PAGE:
And the ninety-six Quendi now spoke together, and the newly-waked devised many new and beautiful words, and many cunning artifices of speech; and they laughed, and danced upon the hill-side, until at last they desired to find more companions. Then they all set out again together, until they came to a lake dark in the twilight; and there was a great cliff about it upon the east-side, and a waterfall came down from the height, and the stars glittered on the foam. But the elf-men were already bathing in the waterfall, and they had waked their spouses. There were twenty-four pairs; but as yet they had formed no speech, though they sang sweetly and their voices echoed in the stone, mingling with the rush of the falls.
But again Imin withheld his choice, thinking `next time it will be a great company’. Therefore Enel said: `I have the choice, and I choose these forty-eight to be my companions.’ And the hundred and forty-four Quendi dwelt long together by the lake, until they all became of one mind and speech, and were glad.
At length Imin said: `It is time now that we should go on and seek more companions.’ But most of the others were content. So Imin and Iminyë and their twelve companions set out, and they walked long by day and by twilight in the country about the lake, near which all the Quendi had awakened – for which reason it is called Cuiviénen. But they never found any more companions, for the tale of the First Elves was complete.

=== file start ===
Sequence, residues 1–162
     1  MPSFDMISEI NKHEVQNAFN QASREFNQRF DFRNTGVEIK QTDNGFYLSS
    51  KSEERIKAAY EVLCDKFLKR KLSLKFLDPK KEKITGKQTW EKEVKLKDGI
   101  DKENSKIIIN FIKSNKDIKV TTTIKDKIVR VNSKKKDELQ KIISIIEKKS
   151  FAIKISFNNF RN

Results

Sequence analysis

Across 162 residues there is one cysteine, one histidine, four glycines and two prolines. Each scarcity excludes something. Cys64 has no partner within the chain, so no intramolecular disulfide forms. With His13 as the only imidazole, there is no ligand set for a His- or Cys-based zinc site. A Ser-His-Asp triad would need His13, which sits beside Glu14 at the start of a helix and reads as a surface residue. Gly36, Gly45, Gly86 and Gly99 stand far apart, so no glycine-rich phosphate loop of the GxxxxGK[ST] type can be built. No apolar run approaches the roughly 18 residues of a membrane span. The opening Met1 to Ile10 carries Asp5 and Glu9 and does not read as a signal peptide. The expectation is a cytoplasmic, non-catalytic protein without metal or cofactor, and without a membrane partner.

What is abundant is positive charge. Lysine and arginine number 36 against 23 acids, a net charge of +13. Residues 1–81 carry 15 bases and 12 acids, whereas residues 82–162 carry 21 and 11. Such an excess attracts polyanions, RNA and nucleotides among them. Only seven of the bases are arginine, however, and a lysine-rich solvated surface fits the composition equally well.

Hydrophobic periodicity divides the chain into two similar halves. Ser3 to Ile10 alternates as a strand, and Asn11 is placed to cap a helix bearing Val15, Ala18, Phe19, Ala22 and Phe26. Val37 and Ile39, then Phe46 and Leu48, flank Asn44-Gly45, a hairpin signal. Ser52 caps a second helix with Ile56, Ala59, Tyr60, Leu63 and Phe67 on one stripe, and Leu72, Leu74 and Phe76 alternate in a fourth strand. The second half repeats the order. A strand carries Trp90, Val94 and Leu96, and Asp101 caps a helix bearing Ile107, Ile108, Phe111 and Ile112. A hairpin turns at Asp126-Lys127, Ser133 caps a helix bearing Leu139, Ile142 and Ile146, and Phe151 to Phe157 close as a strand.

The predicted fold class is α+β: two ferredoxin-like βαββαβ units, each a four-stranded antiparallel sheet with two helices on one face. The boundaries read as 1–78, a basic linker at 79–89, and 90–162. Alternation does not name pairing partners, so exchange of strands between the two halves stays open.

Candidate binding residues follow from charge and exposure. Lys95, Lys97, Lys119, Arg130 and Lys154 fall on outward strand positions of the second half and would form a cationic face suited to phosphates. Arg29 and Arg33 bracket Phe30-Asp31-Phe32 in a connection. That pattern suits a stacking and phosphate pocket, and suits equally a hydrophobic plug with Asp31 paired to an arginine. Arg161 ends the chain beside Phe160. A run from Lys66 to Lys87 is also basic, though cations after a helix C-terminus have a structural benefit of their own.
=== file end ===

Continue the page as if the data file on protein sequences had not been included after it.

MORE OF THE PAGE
And so it was that the Quendi ever after reckoned in twelves, and that 144 was for long their highest number, so that in none of their later tongues was there any common name for a greater number. And so also it came about that the `Companions of Imin’ or the Eldest Company (of whom came the Vanyar) were nonetheless only fourteen in all; but the `Companions of Tata’ (of whom came the Noldor) were fifty-six in all; but the `Companions of Enel’ although the Youngest Company were the largest; from them came the Teleri (or Lindar), and they were in the beginning seventy-four in all.
Now the Quendi loved all of Arda that they had yet seen, and green things that grew and the sun of summer were their delight; but nonetheless they were moved most in heart by the Stars, and the hours of twilight in clear weather, at `morrow-dim’ and at `even-dim’, were the times of their greatest joy. For in those hours in the spring of the year they had first awakened to life in Arda. But the Lindar, above all the other Quendi, from their beginning were most in love with water, and sang before they could speak.
-Quendi and Eldar